We’re about to enter the final 24 hours of waiting for Notre Dame football to return to our television sets and optimism is growing faster than a port-a-potty line in the Library Lot.
It’s been a rough off-season for Brian Kelly the Fighting Irish. They had to deal with the death of a fake girlfriend. They rode the roller coaster of the recruitment, signing and loss of Eddie Vanderdoes to UCLA. Returning quarterback Everett Golson was kicked out of school for cheating on a final. Senior linebacker Danny Spond had to leave the team due to migraine issues.
I think I can speak for Coach Kelly and all Fighting Irish fans when I say, “Let’s get this season going before something else goes wrong!”
As I sat thinking about how Notre Dame is one off-campus party away from losing (now) starting quarterback Tommy Rees and thus effectively ending an almost shoe-in trip to a January bowl game, I realized there was much more to be happy about. Much, much more.
1) Been There, Done That — Quite frankly, Notre Dame likely faced a tougher schedule last season and came through it with a 12-0 record before the unfortunate drubbing in Miami. I’m not saying it guarantees the Irish will waltz to Pasadena this year, but it has been a LONG time since Notre Dame won twelve games in a row, let alone in one season. It’s a huge step, one that many returning players can rely on. They’ve done it before — they can do it again.
2) Defense Wins Championships — Notre Dame’s defense was one of the best in the NCAA last season, and though Manti Te’o leaves some huge shoes to fill in the middle, the Irish will return much of its core talent. Louis Nix III, Stephon Tuitt, Carlo Calabrese and Dan Fox will help spearhead an extremely talented defense that may actually be better than its 2012 predecessor. The young defensive backfield has an additional off-season under its belt and future star Jaylon Smith earned a starting spot at outside linebacker. This squad will not miss even a half a step and will continue its shutdown play.
3) Offensive Improvement, Part I — I won’t lie, losing starting quarterback Everett Golson is going to hurt. Hurting slightly more will be the loss of tight end Tyler Eifert, as I’m confident Rees will be at the very worst and adequate placeholder behind center. The Irish have a couple of very talented young freshman running backs, and I don’t think there will be a noticeable drop off there. The improvement, and it will be more than noticeable, will come from the wide receivers. This group was fairly bland last season, even on their good days. However Chris Brown started to get it together late in the season, and freshmen Torii Hunter, Jr. and Corey Robinson are very talented kids who could make a huge impact early.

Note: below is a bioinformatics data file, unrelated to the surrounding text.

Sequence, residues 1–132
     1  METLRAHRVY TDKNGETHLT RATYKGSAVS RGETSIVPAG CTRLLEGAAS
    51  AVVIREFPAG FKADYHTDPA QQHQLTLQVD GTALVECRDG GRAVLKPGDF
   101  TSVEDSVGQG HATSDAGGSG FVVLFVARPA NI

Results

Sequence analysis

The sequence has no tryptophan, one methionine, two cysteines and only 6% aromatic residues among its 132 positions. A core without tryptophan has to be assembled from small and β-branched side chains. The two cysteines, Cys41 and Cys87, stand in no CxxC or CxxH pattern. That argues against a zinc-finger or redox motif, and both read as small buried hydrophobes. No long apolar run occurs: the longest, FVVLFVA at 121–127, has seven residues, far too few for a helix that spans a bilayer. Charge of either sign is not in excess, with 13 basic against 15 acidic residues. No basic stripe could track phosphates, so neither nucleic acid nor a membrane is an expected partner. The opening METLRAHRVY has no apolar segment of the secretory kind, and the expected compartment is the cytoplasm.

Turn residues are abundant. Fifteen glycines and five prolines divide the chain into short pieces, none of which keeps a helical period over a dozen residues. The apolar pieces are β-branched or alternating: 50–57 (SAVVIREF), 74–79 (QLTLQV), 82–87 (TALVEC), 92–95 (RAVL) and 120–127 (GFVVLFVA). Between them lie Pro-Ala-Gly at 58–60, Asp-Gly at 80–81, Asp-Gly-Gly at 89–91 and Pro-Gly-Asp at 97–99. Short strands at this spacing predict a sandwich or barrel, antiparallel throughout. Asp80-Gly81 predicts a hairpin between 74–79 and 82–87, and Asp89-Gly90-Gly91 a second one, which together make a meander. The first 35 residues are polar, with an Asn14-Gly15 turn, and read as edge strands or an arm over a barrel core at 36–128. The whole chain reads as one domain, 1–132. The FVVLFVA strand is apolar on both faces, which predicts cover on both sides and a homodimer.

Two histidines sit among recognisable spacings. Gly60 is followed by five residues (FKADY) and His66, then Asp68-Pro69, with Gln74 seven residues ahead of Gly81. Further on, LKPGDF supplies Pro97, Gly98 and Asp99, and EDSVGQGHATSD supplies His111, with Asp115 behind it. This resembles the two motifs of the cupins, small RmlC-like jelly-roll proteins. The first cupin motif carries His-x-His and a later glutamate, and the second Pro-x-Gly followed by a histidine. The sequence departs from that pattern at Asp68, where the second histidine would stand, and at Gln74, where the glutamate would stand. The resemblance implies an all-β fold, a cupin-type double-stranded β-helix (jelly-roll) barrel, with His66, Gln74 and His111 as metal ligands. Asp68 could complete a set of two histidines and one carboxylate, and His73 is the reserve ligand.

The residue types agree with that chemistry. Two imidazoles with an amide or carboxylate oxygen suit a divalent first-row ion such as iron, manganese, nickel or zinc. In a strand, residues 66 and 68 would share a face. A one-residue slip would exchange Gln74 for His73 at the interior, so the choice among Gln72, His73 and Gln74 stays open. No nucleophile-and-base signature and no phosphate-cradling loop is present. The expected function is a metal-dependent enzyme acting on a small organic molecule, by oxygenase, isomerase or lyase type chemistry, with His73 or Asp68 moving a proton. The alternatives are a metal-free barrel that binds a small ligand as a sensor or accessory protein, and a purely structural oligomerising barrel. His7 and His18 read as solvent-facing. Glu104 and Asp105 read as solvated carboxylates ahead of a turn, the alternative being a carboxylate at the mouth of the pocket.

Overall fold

4) Offensive Improvement, Part II — I could just call this “Tommy Gun” or something catchy like that, but I think it will be more than just Rees’s abilities on the field. Heck, we saw it three or four times last year when Rees either took over late in a game or after the many mini-injuries suffered by Golson. By many accounts, he has improved his arm, his speed and his maturity. He apparently even knows the playbook better than the coaching staff. This could be one of those “blessings in disguise”. Golson gets some quality maturation off the field and time to learn the playbook while Rees gets to show that he’s twice the quarterback he was last season. Considering his numbers were largely pretty darned good, I’ll put some good stock in that.
5) The Coaching Staff — I know Brian Kelly almost left for the NFL (though I still think that was largely contractual posturing), but I firmly believe that he is the true answer to Notre Dame football. He has respect for the Irish tradition, but frankly would sell his grandfather’s soul if it would make his team better on Saturdays. He is willing to do every little thing necessary for his guys and his school. He has the attitude you want in a championship coach, the history and the numbers. He’s recruiting better than any Notre Dame coach since Urban Meyer was wearing the monogram on road trips. He says the right things. He backs them up with victories and takes blame for losses. He studies the game constantly and isn’t mired in “one scheme”. And now, for the final piece of the championship puzzle, he faced the best and got beat. Losing to Nick Saban taught him the one lesson that you just can’t learn any other way: humility. He was smashed by a better coach and a better team, and now he knows what to do to fix it; to do better. Throw in Bob Diaco (at least until he gets his inevitable head coaching job), Tony Alford (see: Diaco, Bob) and company and the Irish are in very, very good hands.
The Irish may not be the sexiest pick after that poor showing in last year’s National Championship Game, but I see no reason why they Irish can’t run the table again this season, and they definitely won’t be that bad again; Brian Kelly, Tommy Rees won’t let them.